Physical gas prices eased about 3 cents overall Tuesday, and declines were within a relatively narrow range across the country. Eastern markets saw a strengthening in basis, but next-day prices eased with unsupportive weather being cited. Pipelines in Southern California were back in balance from an operational flow order earlier in the week and next-day prices eased. At the close of futures trading July had risen 1.4 cents to $2.232 and August was up by 2.4 cents to $2.287. July crude oil added 62 cents to $83.32/bbl.
Next-day prices at eastern points eased, but basis differentials improved. “Things have improved some. July Algonquin basis was at 15 cents earlier, but now it’s 37 cents bid at 40. It can only get so strong. Dawn is pretty weak. Dawn [basis] is at about 14 cents for the July,” said an eastern marketer.
“There is just no weather. The question is whether gas at these prices will drive more coal under the [generating] stack given where Nymex is. Once it gets to summer and if it’s hot, you need all your generation going. Maybe it doesn’t do anything to price.”
Quotes at Algonquin Citygate and Iroquois Waddington fell about a nickel, and next-day deliveries on Tennessee Zone 6 200 L were down about a penny.
Farther south, next-day gas delivered to Tetco M-3 fell about a nickel, and deliveries to Transco Zone 6 New York slipped a couple of cents.
West Coast points eased as prices retreated from the double-digit gains posted Monday in the aftermath of an operational flow order (OFO) needed to limit deliveries to the over-nominated SoCal pipeline system. No OFOs were reported by SoCal Tuesday.
Quotes at SoCal border and SoCal Citygate were off less than a nickel. El Paso Mainline dropped about a nickel.
PG&E Citygate was off by about 2 cents, and points delivering gas from the north also dropped; Malin and Opal traded down just a few cents.
Midcontinent locations were also in decline. Quotes on ANR SW and deliveries into the NGPL Midcontinent Pool were down less than a nickel. Gas on Panhandle and Oklahoma Gas Transmission was each about a nickel lower.
Analysts see Tuesday’s futures rise as a modest reaction to Monday’s price pummeling. The “recovery appeared related largely to the fact that [Monday’s] 3.5% selloff was likely overdone in view of fundamental shifts. We feel that the recent price down move has likely run its course until additional guidance is forthcoming from Thursday’s weekly storage figures,” said Jim Ritterbusch of Ritterbusch and Associates.
He suggested that the market could rise as high as $2.31 before continuing lower. “But we feel that price lows have yet to be placed and that the market will be working its way lower in erratic fashion as this month proceeds,” he said. “The weather factor still looks tilted slightly bullish within the coming two-week time window, and this may have also contributed to [Tuesday’s] strength. All in all, we are reluctant to read much into [Tuesday’s] higher close following the establishment of fresh seven-week lows. We still see the money managers as anxious to accept profits on significant price dips with this implied short-covering prompting occasional price bounces. But a [short term] bearish stance is still favored.”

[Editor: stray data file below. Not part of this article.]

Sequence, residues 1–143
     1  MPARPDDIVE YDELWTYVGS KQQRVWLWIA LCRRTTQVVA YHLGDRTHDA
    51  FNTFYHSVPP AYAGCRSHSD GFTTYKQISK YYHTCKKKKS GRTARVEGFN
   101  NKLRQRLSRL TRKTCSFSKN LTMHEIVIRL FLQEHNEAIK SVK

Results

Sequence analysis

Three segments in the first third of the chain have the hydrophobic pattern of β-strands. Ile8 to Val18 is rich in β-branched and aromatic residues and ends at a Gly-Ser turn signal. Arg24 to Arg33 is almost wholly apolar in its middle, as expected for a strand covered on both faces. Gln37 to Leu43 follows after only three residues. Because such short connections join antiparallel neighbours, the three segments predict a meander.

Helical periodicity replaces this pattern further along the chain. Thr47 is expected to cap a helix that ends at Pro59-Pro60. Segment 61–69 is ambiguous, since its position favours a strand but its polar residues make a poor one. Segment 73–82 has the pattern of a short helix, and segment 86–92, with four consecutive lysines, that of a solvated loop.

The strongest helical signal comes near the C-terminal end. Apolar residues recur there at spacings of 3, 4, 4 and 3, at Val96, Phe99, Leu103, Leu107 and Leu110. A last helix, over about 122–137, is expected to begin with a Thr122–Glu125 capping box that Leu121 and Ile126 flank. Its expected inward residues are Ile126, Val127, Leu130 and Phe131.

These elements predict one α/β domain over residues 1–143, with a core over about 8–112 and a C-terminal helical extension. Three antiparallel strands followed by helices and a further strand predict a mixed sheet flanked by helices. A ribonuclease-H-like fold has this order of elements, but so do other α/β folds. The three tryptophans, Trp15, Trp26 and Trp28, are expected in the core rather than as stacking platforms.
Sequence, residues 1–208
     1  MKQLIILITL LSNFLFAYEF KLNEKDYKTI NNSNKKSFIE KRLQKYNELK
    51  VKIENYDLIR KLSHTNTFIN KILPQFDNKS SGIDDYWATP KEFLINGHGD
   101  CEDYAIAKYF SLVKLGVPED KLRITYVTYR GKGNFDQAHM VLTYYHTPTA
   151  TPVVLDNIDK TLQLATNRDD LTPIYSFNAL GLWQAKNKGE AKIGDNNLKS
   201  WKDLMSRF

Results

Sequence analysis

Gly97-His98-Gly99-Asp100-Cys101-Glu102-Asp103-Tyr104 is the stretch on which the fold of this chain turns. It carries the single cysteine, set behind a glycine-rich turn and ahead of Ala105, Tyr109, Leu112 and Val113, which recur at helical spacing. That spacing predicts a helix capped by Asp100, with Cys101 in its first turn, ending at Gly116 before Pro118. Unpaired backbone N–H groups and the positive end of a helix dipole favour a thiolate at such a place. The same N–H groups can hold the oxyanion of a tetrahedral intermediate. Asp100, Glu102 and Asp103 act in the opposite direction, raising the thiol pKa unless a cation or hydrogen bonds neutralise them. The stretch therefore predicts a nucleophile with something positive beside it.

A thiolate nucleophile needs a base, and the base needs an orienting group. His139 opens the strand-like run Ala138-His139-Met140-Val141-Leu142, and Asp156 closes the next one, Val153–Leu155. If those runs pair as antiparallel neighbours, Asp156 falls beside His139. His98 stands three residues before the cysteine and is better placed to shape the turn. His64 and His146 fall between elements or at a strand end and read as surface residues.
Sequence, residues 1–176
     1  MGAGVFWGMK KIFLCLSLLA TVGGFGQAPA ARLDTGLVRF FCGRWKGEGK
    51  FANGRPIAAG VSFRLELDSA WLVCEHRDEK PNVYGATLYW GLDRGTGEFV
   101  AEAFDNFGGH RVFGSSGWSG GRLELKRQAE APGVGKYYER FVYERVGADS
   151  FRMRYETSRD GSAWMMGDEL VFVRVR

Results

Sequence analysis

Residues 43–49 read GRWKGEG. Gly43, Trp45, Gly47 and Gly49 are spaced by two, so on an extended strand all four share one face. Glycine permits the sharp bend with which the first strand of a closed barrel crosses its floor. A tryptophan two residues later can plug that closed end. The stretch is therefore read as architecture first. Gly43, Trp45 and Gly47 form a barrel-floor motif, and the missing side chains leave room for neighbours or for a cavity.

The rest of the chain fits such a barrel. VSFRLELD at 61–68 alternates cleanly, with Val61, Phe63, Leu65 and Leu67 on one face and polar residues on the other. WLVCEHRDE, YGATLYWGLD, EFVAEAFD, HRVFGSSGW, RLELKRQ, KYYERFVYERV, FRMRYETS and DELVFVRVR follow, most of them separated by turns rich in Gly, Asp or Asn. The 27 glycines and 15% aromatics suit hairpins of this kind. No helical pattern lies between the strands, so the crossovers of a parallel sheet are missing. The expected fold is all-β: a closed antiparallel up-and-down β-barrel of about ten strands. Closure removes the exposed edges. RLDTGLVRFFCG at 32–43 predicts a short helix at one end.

Analysts suggest that coal may be regaining market share. “The natural gas market probed the downside again on Monday, extending last week’s losses in conjunction with worries that natural gas has given back some market share to coal in the power utility sector at a time of relatively moderate temperatures that have weakened the current cash market to at least some degree,” said Tim Evans of Citi Futures Perspective.
“Given that storage injections are still likely to stay below five-year average rates in the weeks ahead, we think this points to either a general disappointment that progress in reducing the storage surplus has not been more rapid, or that the decline in the storage surplus has not been more effective in supporting prices.”
Evans predicts a storage build to be reported this week of 72 Bcf, equal to last year and below the five-year average of 88 Bcf.
In a recent report, Bentek Energy cited an upcoming collision between gas production and storage limitations that could send spot prices below $2 (see Daily GPI, June 8). Excessive storage has been around for a while. Already there is backlog of wells numbering in the hundreds if not thousands in shale plays such as the Marcellus that have been completed but are awaiting installation of gathering facilities and connections to pipelines, Bentek said.
Demand is going to have to increase to relieve the oversupply. According to John Sodergreen, editor of Energy Metro Desk, “The report says that even in a scenario where production remains flat for the entire injection season, total demand will need to average 6.3 Bcf/d stronger than the five-year summer average in order to avoid infrastructure constraints.”
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